3. Zohdy W, Ghazi S, Arafa M (2011) Impact of varicocelectomy on gonadal and erectile functions in men with hypogonadism and infertility. J Sex Med 8(3):885–893

    Article  CAS  Google Scholar 

  4. Wu K, Yan G, Yin W, Chen X et al (2017) A novel approach of microscopic subinguinal varicocelectomy with a “pulling” strategy. J Urol 104:97–101

    Article  Google Scholar 

  5. Mohamed E-E, Gawish M, Mohamed A (2017) Semen parameters and pregnancy rates after microsurgical varicocelectomy in primary versus secondary infertile men. Hum Fertil 20(4):293–296

    Article  Google Scholar 

  6. Beck EM, Schlegel PN, Goldstein M (1992) Intraoperative varicocele anatomy: a macroscopic and microscopic study. J Urol 148(4):1190–1194

    Article  CAS  PubMed  Google Scholar 

  7. Al-Kandari AM, Shabaan H, Ibrahim HM, Elshebiny YH et al (2007) Comparison of outcomes of different varicocelectomy techniques: open inguinal, laparoscopic, and subinguinal microscopic varicocelectomy: a randomized clinical trial. Urology 69(3):417–420

    Article  PubMed  Google Scholar 

  8. Al-Said S, Al-Naimi A, Al-Ansari A, Younis N et al (2008) Varicocelectomy for male infertility: a comparative study of open, laparoscopic and microsurgical approaches. J Urol 180(1):266–270

    Article  PubMed  Google Scholar 

  9. Çayan S, Shavakhabov S, Kadioǧlu A (2009) Treatment of palpable varicocele review in infertile men: a meta-analysis to define the best technique. J Androl 30(1):33–40

    Article  PubMed  Google Scholar 

  10. Chan PTK, Wright EJ, Goldstein M (2005) Incidence and postoperative outcomes of accidental ligation of the testicular artery during microsurgical varicocelectomy. J Urol 173(2):482–484

    Article  Google Scholar 

  11. Güdeloğlu A, Karakurt G, Altan M, Ergen A (2020) Micro-Doppler ultrasonography-assisted microsurgical varicocelectomy: first time in Turkiye. J Urol Surg 7(1):46–49

    Article  Google Scholar 

  12. Weedin JW, Khera M, Lipshultz LI (2010) Varicocele repair in patients with nonobstructive azoospermia: a meta-analysis. J Urol 183(6):2309–2315

    Article  PubMed  Google Scholar 

  13. Lipshultz LI, Ramasamy R, Sandlow JI, Hotaling J et al (2019) Microsurgical varicocelectomy: novel applications to optimize patient outcomes. Fertil Steril 112(4):632–639

    Article  PubMed  Google Scholar 

  14. Armağan A, Ergün O, Baş E, Oksay T et al (2012) Long-term effects of microsurgical varicocelectomy on pain and sperm parameters in clinical varicocele patients with scrotal pain complaints. Andrologia 44:611–614

    Article  PubMed  Google Scholar 

  15. Kim S, Jung H, Park K (2012) Outcomes of microsurgical subinguinal varicocelectomy for painful varicoceles. J Androl 33(5):872–875

    Article  PubMed  Google Scholar 

Download references


Not applicable.


This study had no funding from any resource.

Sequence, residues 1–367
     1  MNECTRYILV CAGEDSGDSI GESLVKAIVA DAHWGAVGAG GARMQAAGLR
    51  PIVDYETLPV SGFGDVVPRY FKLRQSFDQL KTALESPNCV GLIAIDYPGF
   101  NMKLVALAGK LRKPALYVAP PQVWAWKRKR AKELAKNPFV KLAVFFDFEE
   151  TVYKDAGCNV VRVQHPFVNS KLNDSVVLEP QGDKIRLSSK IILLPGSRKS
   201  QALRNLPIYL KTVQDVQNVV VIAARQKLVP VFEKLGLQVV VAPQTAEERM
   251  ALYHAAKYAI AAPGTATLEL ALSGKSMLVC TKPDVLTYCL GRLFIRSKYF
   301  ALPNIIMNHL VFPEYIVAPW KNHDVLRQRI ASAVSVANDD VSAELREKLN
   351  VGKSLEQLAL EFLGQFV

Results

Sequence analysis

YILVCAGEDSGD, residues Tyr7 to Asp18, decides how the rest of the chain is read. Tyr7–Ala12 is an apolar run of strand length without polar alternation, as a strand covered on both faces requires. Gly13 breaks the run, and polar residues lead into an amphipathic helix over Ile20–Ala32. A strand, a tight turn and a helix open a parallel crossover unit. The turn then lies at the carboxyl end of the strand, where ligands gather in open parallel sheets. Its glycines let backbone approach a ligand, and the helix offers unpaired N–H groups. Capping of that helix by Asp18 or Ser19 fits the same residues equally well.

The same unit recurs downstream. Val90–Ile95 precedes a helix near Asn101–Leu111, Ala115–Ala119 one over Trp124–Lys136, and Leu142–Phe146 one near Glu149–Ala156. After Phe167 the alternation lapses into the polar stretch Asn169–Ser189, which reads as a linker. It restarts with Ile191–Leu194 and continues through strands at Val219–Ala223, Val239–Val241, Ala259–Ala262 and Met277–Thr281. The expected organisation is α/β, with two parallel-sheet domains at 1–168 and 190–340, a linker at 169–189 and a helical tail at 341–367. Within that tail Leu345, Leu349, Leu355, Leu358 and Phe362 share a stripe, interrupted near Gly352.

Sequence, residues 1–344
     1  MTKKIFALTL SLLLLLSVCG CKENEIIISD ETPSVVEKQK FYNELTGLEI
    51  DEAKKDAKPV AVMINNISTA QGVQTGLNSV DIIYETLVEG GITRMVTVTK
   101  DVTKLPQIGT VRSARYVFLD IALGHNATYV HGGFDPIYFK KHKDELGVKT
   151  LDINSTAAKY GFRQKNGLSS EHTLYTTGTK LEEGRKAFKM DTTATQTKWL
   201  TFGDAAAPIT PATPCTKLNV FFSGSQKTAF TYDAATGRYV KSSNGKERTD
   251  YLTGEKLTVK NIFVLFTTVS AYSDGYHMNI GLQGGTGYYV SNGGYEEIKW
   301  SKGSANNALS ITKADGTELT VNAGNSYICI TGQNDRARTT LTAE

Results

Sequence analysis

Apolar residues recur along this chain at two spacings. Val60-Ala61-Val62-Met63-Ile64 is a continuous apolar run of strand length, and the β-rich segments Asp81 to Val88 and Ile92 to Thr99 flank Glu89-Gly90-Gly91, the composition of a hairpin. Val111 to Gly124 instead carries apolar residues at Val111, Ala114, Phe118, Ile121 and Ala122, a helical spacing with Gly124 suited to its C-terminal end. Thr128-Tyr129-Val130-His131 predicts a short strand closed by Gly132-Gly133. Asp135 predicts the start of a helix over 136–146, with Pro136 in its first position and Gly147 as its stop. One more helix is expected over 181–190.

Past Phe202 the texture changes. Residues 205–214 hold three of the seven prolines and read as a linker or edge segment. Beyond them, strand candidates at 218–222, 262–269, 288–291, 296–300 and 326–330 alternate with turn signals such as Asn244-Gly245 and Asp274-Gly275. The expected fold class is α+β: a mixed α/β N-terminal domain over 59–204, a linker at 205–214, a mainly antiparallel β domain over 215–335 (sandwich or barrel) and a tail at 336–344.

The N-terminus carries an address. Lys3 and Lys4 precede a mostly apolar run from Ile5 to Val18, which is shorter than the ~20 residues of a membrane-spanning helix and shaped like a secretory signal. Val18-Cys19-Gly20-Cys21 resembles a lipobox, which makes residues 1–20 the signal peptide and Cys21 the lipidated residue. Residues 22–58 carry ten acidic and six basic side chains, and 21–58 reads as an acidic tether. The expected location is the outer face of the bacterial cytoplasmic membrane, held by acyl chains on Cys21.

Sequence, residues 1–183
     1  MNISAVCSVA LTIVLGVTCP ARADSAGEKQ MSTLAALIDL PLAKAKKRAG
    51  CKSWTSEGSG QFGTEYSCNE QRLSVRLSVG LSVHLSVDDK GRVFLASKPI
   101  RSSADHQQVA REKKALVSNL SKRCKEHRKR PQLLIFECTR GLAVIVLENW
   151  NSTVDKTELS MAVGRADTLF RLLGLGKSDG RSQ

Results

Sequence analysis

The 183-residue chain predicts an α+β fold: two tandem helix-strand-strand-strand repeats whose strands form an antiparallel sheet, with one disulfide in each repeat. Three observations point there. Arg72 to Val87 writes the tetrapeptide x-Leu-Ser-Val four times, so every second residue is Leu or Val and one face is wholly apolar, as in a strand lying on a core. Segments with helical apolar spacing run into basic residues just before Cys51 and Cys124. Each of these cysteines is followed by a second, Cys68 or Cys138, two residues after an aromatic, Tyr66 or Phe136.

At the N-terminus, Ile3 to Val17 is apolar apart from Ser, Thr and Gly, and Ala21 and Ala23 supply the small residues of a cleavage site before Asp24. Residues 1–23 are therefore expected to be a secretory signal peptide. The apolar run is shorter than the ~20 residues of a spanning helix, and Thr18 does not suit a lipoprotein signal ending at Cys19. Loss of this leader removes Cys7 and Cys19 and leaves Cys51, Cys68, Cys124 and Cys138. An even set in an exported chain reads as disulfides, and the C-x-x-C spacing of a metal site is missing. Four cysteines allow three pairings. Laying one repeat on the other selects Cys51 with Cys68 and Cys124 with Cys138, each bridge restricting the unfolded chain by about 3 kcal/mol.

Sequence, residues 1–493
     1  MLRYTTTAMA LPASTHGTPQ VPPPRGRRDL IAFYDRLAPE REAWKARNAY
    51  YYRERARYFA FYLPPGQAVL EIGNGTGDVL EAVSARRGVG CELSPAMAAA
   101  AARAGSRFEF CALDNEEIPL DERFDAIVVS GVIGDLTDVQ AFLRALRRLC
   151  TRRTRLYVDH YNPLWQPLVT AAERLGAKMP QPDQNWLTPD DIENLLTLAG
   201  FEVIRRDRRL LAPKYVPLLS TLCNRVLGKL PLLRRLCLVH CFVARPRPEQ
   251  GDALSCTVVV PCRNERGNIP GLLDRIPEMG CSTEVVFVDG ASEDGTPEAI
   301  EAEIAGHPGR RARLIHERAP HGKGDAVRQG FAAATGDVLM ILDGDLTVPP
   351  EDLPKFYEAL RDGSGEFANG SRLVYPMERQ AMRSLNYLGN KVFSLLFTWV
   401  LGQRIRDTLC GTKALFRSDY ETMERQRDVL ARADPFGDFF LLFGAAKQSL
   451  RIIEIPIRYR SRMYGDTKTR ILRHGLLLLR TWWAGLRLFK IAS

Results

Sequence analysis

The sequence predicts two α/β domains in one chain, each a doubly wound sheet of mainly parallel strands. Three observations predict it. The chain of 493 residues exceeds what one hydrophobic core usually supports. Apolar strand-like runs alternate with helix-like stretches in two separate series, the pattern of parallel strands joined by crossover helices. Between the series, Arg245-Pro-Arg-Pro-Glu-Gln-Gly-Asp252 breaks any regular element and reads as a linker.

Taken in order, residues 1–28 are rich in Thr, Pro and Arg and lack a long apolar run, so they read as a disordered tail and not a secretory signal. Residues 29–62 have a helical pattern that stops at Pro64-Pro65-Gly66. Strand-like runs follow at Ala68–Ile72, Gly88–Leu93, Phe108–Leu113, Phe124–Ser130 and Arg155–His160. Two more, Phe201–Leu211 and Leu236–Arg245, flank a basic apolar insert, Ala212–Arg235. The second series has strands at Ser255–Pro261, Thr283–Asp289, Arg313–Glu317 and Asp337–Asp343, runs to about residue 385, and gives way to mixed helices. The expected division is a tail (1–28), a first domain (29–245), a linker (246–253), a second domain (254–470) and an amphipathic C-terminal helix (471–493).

Author information

Authors and Affiliations



Conceptualization: MA.AR, SAR. Data curation: MMK. Formal analysis: MMK, SK. Funding acquisition: None. Investigation: MMK, AMS. Methodology: MMK, AMS. Project administration: SK. Resources: MA.AR, GS, SAR. Software: SK. Supervision: MA.AR, SAR, AMR. Validation: MA.AR, SAR. Visualization: GS, ASS. Writing—original draft: MMK, ASS. Writing—review and editing: SK, MA, AR, MMK, GS, AMS. All authors have read and approved the manuscript.

Corresponding author

Correspondence to Sameh Kotb.

Ethics declarations

Ethics approval and consent to participate

This study was approved by the Research Ethics Committee of the Faculty of Medicine, Cairo University in Egypt. Ethics committee reference numbers is not available. All patients included in this study gave written informed consent to participate in this research.

Consent for publication

All patients included in this research gave written informed consent to publish the data contained within this study.

Competing interests

The authors declare that they have no competing interests.

Additional information

Publisher's Note

Springer Nature remains neutral with regard to jurisdictional claims in published maps and institutional affiliations.

Supplementary Information

Additional file 1.

Figure S1: Internal spermatic vein under operating microscope. Figure S2: Testicular artery under operating microscope.

Rights and permissions

Open Access This article is licensed under a Creative Commons Attribution 4.0 International License, which permits use, sharing, adaptation, distribution and reproduction in any medium or format, as long as you give appropriate credit to the original author(s) and the source, provide a link to the Creative Commons licence, and indicate if changes were made. The images or other third party material in this article are included in the article's Creative Commons licence, unless indicated otherwise in a credit line to the material. If material is not included in the article's Creative Commons licence and your intended use is not permitted by statutory regulation or exceeds the permitted use, you will need to obtain permission directly from the copyright holder. To view a copy of this licence, visit

Reprints and permissions

About this article

Check for updates. Verify currency and authenticity via CrossMark

Cite this article

Kotb, S., Abdel-Rassoul, M.A., Elkousy, M.M. et al. Comparison of the pulling technique versus the standard technique in microsurgical subinguinal varicocelectomy: a randomized controlled trial. Afr J Urol 29, 69 (2023).

Download citation

  • Received:

  • Accepted:

  • Published:

  • DOI: